Mrs. Levy painted prolifically and traveled solo to New York City to visit museums and to sketch. One of her paintings dating from that time captures the Whitney Museum and the many visitors sauntering through its galleries. It speaks of leisurely Sunday afternoons. Soft, dreamy and fondly idealized, it is also a tangible blueprint of Mrs. Levy's gentle yet unfaltering way of remembering her extensive travels and adventures.
Art in the park
As she honed her own style, Mrs. Levy also worked with another esteemed Baltimore artist, the late Walter Bohanan. She remembers bucolic sessions in Druid Hill Park where she would lug easel and canvas to a faraway place under a tree, and he would tell her, "Now, don't think of anything, except getting that landscape down on canvas."
When her husband died in 1972, Mrs. Levy threw out her oil paints, brushes and paintings, which her family wisely retrieved. But it was Mr. Maril who snapped her out of incapacitating grief.
"Herman called four months after Charles died. 'I want you to come out here,' he said. He wanted me to paint.
"I went out to him and told him I wasn't going to paint any more. There was no one to paint for."
"Paint for me," Mr. Maril said.
"I went right to work," Mrs. Levy says.
Today, Mrs. Levy's paintings hang in her apartment, her family's offices and homes, the Jewish Historical Society and the homes of the few admirers able to convince her to sell her work. Other paintings are stashed away, because there is not room for them all.
There are paintings of Baltimore, of European cities, of Lonaconing. The paintings capture piles of crabs, sailors gathered on a quay, heaps of old shoes, children jumping rope, and a train snaking through a green field in Western Maryland as BTC spectators wave. There have been numerous shows, at the Baltimore Museum of Art, the Jewish Historical Society, Peale Museum and galleries here and on the Eastern Shore.
Mrs. Levy continues to paint. "Everything I see I want to do," she says.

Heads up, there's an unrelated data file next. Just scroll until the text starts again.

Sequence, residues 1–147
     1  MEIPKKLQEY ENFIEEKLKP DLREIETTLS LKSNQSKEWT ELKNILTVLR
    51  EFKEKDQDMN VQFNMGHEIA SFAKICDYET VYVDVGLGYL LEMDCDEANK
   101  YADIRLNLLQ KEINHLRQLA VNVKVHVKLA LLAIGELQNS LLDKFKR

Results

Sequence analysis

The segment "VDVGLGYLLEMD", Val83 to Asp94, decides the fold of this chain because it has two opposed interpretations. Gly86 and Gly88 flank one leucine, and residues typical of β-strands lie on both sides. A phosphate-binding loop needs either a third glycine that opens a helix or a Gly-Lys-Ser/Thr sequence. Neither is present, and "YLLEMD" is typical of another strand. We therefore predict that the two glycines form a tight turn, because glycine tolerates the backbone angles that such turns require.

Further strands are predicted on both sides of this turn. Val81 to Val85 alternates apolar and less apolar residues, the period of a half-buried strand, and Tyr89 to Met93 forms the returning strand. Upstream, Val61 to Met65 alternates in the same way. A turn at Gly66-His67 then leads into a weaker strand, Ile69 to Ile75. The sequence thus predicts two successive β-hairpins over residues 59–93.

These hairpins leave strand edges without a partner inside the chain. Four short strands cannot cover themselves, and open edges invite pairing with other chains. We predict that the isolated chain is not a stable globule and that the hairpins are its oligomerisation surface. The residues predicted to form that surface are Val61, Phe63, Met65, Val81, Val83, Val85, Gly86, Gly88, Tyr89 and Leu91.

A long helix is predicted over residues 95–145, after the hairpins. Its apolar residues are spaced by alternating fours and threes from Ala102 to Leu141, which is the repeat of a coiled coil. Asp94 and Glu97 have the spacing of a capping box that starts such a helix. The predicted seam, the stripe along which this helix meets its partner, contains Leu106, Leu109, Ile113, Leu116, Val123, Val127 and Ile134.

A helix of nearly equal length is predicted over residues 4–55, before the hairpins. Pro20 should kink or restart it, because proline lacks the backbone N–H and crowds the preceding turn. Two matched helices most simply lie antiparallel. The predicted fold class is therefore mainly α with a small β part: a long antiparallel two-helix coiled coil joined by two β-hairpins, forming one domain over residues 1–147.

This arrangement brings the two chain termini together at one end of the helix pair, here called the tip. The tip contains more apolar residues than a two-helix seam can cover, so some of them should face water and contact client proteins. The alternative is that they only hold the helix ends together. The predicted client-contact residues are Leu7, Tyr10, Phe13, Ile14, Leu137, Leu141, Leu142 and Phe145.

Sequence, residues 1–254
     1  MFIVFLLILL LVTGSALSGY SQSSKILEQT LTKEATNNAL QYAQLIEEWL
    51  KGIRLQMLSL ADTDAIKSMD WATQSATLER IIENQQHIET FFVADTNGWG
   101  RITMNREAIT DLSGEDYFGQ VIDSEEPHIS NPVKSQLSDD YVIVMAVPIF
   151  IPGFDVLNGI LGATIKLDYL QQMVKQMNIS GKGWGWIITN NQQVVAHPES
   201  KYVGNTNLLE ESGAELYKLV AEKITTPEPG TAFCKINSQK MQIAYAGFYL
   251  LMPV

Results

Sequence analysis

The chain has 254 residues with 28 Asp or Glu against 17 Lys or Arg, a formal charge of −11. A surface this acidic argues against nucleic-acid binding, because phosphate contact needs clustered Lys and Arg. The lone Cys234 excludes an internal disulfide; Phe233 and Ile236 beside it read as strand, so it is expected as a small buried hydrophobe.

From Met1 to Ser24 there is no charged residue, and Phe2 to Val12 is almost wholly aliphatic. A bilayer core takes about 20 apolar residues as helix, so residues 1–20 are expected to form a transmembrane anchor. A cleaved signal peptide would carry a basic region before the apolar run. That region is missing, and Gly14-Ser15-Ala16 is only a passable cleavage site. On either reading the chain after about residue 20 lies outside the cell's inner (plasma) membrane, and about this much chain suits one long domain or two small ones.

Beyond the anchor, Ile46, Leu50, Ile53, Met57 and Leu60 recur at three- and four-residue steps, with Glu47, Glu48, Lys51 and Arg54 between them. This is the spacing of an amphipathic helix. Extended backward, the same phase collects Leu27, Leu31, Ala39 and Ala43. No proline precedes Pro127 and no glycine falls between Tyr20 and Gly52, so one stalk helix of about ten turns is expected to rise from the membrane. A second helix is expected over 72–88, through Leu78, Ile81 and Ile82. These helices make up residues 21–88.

She also pays regular visits to museums and galleries, frequently with her friend and second cousin, Peggy Bohanan, Walter Bohanan's wife. "More than anybody I know, she's seriously interested and quite knowledgeable," Ms. Bohanan says. "She's also a pretty good painter. . . . She did have good instruction, but you can have good instruction and not know what to do with what you take in."
Like her artwork, friendships are critical to Mrs. Levy. Whether it is the people she sits next to every season at Center Stage, or an employee at her Cross Keys hair salon who asks her to proofread his college essays, she strikes lasting alliances. "I stay in touch with everyone I ever knew. That's the reason I'm so busy. I'm meeting new ones all the time," Mrs. Levy says.
A 75th reunion
Last summer, when Mrs. Levy returned to Lonaconing for her 75th high school reunion, she saw her oldest friend of all, classmate Jen Atkinson Holmes.
In "A Wee Bit O' Scotland," Mrs. Levy remembers: "Whatever Jenny did I thought was great. Jenny could make a sled go faster down hill, could get back up the hill quicker, could bat a ball further and pitch a stinging curve. I was always right behind her trying to keep up with her expertise."
When Mrs. Holmes, also 93, arrived at the June reunion, the friends embraced. "I love you," said Mrs. Holmes, a lifelong 'Coney resident.
Throughout the evening, the two said little. They were content to be next to one another and regard the spectacle -- a gathering of all Central High classes -- that surrounded them.
Today, one of Mrs. Levy's closest friends is her granddaughter Elisabeth Levy Malis, 33. The feeling is mutual. "I've always said that my grandmother was my best friend," says Ms. Malis, director of the department of regional promotion for Maryland Public Television. "She's always been very supportive. She always believed in me. Every kid needs someone like that. She was the one for me."
When she was 7, Ms. Malis fell in love with "The Sound of Music." At her request, Mrs. Levy took her to see the film five times at the Westview Cinema. And when Ms. Malis herself was a film student, Mrs. Levy starred in her documentary about an artist at work. Then in her 80s, she had to mount the steps of the Baltimore Museum of Art for 10 takes. No matter. It was for her granddaughter.
Recently, Ms. Malis also traveled with her grandmother by train to New York to see a Herman Maril retrospective. They stayed at the Plaza Hotel and decided to take a horse and carriage ride through Central Park. The driver's starting offer was $45.
"We don't want to buy your horse and carriage. We just want to ride around a little bit," Mrs. Levy told him.
With help from Mrs. Levy's disarming quip, the two tourists knocked down the price a bit and enjoyed a splendid ride in the park.
For all her energy and public spunk, though, she is also a bit of a closet worrier -- about money, about her health, about her three grandchildren. But a little chronic pessimism doesn't stop Mrs. Levy from looking to the future while, as always, treasuring the past.
"I do feel the best is yet to be," she says.
THE LEVY FILE
$ Born: Nov. 11, 1898.
Favorite saying: "I may be short, but I'm mighty."
Nickname: "Teddy Bear," earned when she was Ruth Bear, a Goucher College student.
Loves: Teddy bears.
Afraid of: Cats.
Makes: Great brownies.
Favorite television show: "Wall Street Week."
Knows: Everyone in town.
Has always wanted to: Visit the Baseball Hall of Fame in Cooperstown, N.Y.
When in Lonaconing: Breaks into a Scottish brogue.
Admired for: Sharp sense of humor.